Frequently Asked Questions About California Workers’ Compensation

Frequently asked questions about California workers’ compensation

Answers to the questions most commonly asked by employees and employers about workers’ compensation in the Golden State

California’s workers’ compensation laws are complex and ever-evolving. Here are some of the most common questions, along with detailed answers.

Workers’ compensation is a form of insurance that provides benefits to employees injured on the job.

In California, the workers’ compensation system is governed by hundreds of statutes gathered in Title 8 of the California Code of Regulations and the California Labor Code.

Take a glance at these complicated statutes and you’ll understand why employees and employers have questions about workers’ compensation in the Golden State.

Fortunately, we have answers to some of the most common questions. 

Employee questions about workers’ compensation in California

Q: What kinds of injuries qualify for workers’ compensation?

Workers’ compensation covers most injuries that arise during the course and scope of your employment. In other words, if you’re injured while completing an authorized work task, the injury is probably covered.

On the other hand, if you’re injured while doing something outside the scope of your employment (for example, driving home for lunch), the injury is probably not covered.

There are 2 basic types of covered injuries:

  • A traumatic work event. Some injuries are the result of a single event—for example, a roofer who falls from a roof and hurts his back, or an oil worker who’s burned in an oil tank fire.
  • Repeated exposures at work. Some injuries are the result of repeated exposure, such as a secretary who develops carpal tunnel syndrome from repetitive typing, or a construction worker who develops cancer as a result of working with asbestos for decades. 

Workers’ compensation covers some psychological injuries. The law is still developing in this area, but in all psychological-injury cases, an employee must at least show that work was the “predominant” cause of the injury. In other words, if you claim that a traumatic work incident contributed to your depression, you must prove that the event was at least 51% responsible for your depression in order to receive workers’ compensation benefits.

Q: What’s the time limit to file a workers’ compensation claim in California?

The statute of limitations for filing a workers’ compensation claim in California is 1 year from the date of the job-related injury.

However, it’s important to keep in mind that other deadlines must also be met if you want to avoid having your workers’ compensation claim denied. For example, California law requires that you report your work-related injury to your supervisor or some other person in management within 30 days from the date of the injury.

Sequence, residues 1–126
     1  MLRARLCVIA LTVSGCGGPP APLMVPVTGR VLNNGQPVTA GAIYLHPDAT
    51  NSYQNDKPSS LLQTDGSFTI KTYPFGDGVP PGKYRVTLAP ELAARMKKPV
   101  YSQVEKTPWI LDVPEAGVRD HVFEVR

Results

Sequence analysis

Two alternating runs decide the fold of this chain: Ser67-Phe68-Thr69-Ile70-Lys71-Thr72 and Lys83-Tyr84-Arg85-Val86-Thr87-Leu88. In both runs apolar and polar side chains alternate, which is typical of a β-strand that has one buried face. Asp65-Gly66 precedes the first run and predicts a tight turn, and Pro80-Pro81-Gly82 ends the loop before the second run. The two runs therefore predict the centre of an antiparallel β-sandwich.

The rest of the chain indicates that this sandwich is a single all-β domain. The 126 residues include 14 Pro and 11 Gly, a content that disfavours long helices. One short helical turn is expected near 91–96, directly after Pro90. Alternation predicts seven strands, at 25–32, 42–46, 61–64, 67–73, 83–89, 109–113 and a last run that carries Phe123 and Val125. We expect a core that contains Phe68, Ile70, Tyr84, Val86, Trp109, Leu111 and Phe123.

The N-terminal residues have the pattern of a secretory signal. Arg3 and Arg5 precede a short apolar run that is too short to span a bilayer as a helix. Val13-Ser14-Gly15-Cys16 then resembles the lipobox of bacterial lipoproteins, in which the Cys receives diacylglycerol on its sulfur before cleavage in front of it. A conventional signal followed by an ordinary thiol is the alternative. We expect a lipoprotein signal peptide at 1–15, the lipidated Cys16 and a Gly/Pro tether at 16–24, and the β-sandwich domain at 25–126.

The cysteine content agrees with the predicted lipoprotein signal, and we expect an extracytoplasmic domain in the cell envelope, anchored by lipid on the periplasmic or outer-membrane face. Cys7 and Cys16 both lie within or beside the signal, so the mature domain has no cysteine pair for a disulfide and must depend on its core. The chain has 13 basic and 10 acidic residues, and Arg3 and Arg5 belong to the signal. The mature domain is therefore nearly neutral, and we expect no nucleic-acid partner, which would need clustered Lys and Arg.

Q: What benefits am I entitled to?

If you’re injured in a work-related accident in California, the following benefits may be available:

  • Medical costs. Covered medical costs include doctor visits, tests, medicines, and physical rehabilitation, among other things.
  • Temporary disability benefits. If your injury prevents you from doing your usual job while recovering, you can receive financial compensation.
  • Permanent disability benefits. If you won’t recover completely, no matter how much treatment you receive, you can receive financial compensation.
  • Supplemental job displacement benefits. You can receive a voucher to help pay for retraining or skill enhancement if you’re eligible to receive permanent disability benefits, your employer doesn’t offer you work, and you don’t return to work for your employer.
  • Death benefits. Dependents of a worker killed as a result of an on-the-job injury can receive death benefits, including weekly financial compensation and money for funeral expenses.

Q: Can I use my own doctor?

Workers who “predesignate” their physician by informing their employer through a written statement or using DWC Form 9783 can use the doctor they select. However, this must be done before the worker suffers the work-related injury.   

If a worker doesn’t predesignate a physician, the worker’s employer is allowed to choose the doctor.

Q: What if my employer wasn’t responsible for my injury?